It is reported earlier that those living in deprived areas are more likely than those living in affluent areas to be overweight or obese. Among parents, there is a narrower difference, with 66% of parents living in deprived areas overweight or obese, compared with 61% of parents living in affluent areas. Similarly, the gap among parents is slightly narrower than the gap between deprived and affluent areas among non-parents (non-parents living in deprived areas: 69%; non-parents living in affluent areas: 60%).


Encouragingly, overweight or obese parents are more likely to be trying to lose weight than non-parents who are overweight or obese (55% and 49% respectively). Looking at this across mothers and fathers shows that it is mothers that have a greater contribution to this difference with 69% of mothers who are overweight or obese reporting that they are trying to lose weight, compared to 44% of fathers who are overweight or obese.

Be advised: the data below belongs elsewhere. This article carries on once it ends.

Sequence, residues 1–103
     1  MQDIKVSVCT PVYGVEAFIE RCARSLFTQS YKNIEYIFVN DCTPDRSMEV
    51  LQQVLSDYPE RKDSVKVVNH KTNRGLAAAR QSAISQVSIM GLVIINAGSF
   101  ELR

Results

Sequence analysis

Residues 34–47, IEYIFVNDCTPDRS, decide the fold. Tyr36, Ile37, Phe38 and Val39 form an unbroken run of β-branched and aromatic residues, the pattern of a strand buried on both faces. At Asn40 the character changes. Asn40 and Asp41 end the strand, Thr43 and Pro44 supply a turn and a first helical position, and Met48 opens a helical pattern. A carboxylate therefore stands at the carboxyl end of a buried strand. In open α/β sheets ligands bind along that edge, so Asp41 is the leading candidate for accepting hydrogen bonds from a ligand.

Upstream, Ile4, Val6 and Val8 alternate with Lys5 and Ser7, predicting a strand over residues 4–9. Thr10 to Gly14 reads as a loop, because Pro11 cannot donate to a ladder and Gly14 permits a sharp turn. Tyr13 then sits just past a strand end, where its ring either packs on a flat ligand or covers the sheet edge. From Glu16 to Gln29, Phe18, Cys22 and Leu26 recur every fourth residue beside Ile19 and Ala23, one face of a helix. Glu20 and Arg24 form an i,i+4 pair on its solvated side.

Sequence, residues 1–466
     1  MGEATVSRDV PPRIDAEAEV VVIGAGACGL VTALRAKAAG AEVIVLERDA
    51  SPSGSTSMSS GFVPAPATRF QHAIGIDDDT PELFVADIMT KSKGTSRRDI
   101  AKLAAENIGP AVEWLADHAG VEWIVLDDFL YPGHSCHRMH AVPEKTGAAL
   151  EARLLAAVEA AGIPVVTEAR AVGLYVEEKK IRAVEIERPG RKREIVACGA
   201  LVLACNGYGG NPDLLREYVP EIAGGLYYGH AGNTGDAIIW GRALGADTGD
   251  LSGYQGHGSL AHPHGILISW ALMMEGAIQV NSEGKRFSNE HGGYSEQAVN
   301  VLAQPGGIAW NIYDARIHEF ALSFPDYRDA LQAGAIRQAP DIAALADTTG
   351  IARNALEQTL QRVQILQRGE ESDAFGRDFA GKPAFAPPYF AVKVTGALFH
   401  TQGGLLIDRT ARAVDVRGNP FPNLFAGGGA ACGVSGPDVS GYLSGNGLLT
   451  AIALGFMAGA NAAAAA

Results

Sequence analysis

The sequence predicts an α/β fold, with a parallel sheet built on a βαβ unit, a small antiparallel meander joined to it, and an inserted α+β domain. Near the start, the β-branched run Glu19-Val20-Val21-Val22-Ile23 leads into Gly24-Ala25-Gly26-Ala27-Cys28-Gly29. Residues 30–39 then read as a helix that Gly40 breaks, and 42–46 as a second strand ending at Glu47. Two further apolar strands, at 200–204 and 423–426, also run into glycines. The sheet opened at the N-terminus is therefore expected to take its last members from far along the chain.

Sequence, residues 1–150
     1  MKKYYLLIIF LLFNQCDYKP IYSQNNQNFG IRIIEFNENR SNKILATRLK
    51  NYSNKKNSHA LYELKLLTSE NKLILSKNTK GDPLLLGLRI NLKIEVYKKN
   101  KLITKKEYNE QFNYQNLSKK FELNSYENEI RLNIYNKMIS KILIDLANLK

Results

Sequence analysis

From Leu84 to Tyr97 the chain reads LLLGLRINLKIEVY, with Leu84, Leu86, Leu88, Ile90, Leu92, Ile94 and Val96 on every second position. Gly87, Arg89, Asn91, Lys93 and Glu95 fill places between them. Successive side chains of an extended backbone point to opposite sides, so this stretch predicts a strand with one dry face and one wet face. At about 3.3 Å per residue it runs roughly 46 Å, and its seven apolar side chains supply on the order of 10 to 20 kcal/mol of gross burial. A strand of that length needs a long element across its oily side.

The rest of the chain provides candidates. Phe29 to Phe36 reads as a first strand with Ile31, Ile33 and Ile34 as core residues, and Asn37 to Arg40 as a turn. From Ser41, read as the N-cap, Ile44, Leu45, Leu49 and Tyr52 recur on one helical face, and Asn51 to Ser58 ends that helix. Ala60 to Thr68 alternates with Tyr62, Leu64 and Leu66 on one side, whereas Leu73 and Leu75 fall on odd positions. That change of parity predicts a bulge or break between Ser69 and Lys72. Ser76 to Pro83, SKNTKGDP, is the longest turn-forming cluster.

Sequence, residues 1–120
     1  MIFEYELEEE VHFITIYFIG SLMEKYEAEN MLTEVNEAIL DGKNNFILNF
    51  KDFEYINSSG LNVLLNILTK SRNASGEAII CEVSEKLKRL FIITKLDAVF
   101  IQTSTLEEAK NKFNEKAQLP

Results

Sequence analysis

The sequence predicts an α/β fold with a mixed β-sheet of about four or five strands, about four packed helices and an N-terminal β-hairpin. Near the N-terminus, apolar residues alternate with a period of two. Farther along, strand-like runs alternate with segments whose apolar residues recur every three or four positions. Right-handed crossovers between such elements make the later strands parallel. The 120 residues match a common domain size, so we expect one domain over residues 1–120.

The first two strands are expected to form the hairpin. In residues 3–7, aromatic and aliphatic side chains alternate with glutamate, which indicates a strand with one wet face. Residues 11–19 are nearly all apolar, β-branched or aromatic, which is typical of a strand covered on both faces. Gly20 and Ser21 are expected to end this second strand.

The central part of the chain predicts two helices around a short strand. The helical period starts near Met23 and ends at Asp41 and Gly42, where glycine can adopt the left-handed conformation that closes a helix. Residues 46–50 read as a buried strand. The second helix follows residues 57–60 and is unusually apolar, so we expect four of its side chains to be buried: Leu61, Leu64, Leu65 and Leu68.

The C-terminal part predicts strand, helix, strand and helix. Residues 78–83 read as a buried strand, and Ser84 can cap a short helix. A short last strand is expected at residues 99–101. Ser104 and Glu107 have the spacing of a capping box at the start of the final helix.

Weight Management


  • Just over a third (35%) report that they are currently trying to lose weight, while a similar number (33%) are trying to maintain their weight. Five percent are trying to gain weight, while the remainder (26%) are doing none of these.
  • Across all age groups women (41%) are more likely than men (30%) to be trying to lose weight.
  • Attempts to lose weight are most prevalent among those in the middle age groups, with 40% of those aged between 35 and 64 currently trying to lose weight, compared to 28% of those aged under 25 and 27% of those aged 65 and older.
  • Respondents whose self-reported health is less than ‘good’ (43%), parents (43%) and those who are currently employed (38%) are also relatively more likely to be trying to lose weight.
  • Men aged under 25 (20%) are disproportionately likely to be trying to gain weight, while smokers (10%) are more than twice as likely as non-smokers (4%) to be trying to do so.


Methods of Weight Management